Published: 18 September 2015

Engineering in conservation areas


The SBAA Environmental Center in Akrotiri, Cyprus is an environmental awareness centre for visitors to a significant wetland and bird habitat – 20,000 Flamingos visit the Akrotiri salt lake each winter. Yiannis Pericleous, a structural engineer since 2004, worked on the project. Here he discusses his career, and the engineer’s role working on an environmentally sensitive project.

I was inspired to become a structural engineer by my family. My grandfather was Cyprus’ second ever architect, graduating from university in Greece during the 1930s. He created the first engineering practise in Cyprus in 1938 and designed many landmark projects up to the late 1970s. After that, my father, also an engineer, took over the practice and continued in his father’s footsteps. It’s very much a family business. The SBAA Environmental Center is the latest project in a long history of structures engineered by my family.

When a structure is designed and constructed in a conservation area the structural engineer must do everything possible to protect the surrounding environment - surrounding flora must be preserved, so if a tree has to be removed, more must be planted at its place. Access to the area must be through controlled routes, so that the nearby fields stay intact, and we must try to avoid pollution; collecting all our waste for recycling or disposal. We also have to be very careful to minimise disturbance to the huge variety of local animals.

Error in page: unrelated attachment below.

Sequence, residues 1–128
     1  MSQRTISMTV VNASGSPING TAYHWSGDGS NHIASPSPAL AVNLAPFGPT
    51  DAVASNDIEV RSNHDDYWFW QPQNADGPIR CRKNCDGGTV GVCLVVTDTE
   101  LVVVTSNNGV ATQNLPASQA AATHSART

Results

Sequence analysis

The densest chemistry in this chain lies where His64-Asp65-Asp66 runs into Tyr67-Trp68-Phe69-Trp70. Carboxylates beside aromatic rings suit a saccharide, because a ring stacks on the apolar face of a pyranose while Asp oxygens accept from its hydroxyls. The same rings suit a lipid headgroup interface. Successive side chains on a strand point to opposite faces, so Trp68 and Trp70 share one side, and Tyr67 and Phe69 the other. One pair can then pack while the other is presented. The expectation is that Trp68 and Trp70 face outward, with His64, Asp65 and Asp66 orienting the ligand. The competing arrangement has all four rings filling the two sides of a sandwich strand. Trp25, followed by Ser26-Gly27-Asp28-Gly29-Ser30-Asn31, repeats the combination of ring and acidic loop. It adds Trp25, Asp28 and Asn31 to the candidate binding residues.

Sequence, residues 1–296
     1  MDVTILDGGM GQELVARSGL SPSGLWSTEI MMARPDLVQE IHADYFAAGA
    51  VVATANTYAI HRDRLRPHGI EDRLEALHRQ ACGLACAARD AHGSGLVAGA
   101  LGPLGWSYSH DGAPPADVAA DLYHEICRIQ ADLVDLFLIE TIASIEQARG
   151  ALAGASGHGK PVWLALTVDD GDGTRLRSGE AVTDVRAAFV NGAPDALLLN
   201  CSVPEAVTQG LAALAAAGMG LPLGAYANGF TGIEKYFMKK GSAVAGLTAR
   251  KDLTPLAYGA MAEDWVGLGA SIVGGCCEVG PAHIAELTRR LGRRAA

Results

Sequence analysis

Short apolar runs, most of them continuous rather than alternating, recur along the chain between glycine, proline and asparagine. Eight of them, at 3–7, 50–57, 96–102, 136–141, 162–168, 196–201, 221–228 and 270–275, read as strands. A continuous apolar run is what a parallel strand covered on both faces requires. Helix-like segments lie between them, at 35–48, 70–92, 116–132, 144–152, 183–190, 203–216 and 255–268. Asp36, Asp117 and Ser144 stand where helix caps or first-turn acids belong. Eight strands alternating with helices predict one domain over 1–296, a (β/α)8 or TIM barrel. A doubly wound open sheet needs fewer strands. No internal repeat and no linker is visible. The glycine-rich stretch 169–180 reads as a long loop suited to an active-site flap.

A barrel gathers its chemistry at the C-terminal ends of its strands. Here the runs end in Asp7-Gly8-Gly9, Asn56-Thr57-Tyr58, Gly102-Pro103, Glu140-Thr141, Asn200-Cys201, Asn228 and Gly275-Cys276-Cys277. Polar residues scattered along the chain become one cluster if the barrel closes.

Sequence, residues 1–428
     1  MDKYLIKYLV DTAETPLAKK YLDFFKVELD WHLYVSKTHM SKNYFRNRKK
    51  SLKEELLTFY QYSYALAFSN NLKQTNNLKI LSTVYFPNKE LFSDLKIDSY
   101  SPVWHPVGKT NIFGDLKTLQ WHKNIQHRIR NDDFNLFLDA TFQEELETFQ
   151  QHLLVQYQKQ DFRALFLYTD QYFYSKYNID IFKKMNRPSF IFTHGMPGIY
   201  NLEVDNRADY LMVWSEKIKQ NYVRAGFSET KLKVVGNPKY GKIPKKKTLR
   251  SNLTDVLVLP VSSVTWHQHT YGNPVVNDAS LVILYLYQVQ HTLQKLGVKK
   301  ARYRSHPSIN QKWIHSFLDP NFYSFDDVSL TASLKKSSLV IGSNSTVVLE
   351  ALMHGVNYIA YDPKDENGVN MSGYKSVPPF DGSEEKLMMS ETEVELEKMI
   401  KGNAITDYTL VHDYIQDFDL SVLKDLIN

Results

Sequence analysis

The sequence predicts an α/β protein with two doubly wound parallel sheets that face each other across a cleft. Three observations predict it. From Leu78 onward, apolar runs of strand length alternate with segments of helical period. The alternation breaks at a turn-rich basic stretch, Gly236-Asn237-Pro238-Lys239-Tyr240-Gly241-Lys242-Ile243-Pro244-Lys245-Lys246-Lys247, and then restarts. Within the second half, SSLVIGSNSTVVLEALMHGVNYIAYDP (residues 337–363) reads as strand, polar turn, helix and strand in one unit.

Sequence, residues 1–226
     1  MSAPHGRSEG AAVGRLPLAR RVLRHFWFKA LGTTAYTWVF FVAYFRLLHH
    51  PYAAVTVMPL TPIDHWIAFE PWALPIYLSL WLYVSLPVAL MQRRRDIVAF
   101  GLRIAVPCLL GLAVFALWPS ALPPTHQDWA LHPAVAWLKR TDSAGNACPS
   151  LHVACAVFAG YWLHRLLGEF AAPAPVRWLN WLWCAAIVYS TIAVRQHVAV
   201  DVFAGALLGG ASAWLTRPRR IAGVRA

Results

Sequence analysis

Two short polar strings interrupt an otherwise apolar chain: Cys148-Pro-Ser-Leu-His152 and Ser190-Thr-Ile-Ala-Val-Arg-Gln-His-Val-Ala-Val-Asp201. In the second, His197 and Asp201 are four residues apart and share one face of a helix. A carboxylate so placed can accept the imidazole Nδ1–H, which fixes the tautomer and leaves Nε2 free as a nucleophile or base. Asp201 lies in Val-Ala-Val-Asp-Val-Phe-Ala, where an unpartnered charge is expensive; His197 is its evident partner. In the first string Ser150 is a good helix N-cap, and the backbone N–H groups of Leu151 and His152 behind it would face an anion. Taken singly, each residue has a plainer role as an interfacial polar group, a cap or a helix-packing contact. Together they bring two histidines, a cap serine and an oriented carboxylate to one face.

We also have to be sure we are designing a sustainable structure i.e. it must consume fewer resources than nature can produce. The water, energy and materials must be used in a reasonable way so that only the minimum required resources are consumed. The engineer must carefully consider how the structure will use energy and natural resources in every stage of its life - construction, operation and demolition.

I’m proud to say that the SBAA Environmental Centre is rated Class A in energy efficiency, which is the top standard – we achieved this through a mix of methods like natural ventilation, and the planting of deciduous trees to provide summer shade and winter warmth.  These methods are not only pertaining to structural engineering, but also to architectural and electromechanical design.

The Environmental Centre is a new landmark for Akrotiri, with easy access for tourists, school trips and other visitors. The operators of the building are delighted with their new, more spacious working environment which includes a well-equipped laboratory, library and observation point, easing their studies. The most charming characterisation of the building was given by the Commander of the British Forces in Cyprus, who named the building the “Jewel of the Crown” of the British Area.

This is really satisfying feedback - when designing a structure and supervising it during construction, it is like seeing a child growing up, and it makes you very proud to see it loved and appreciated.

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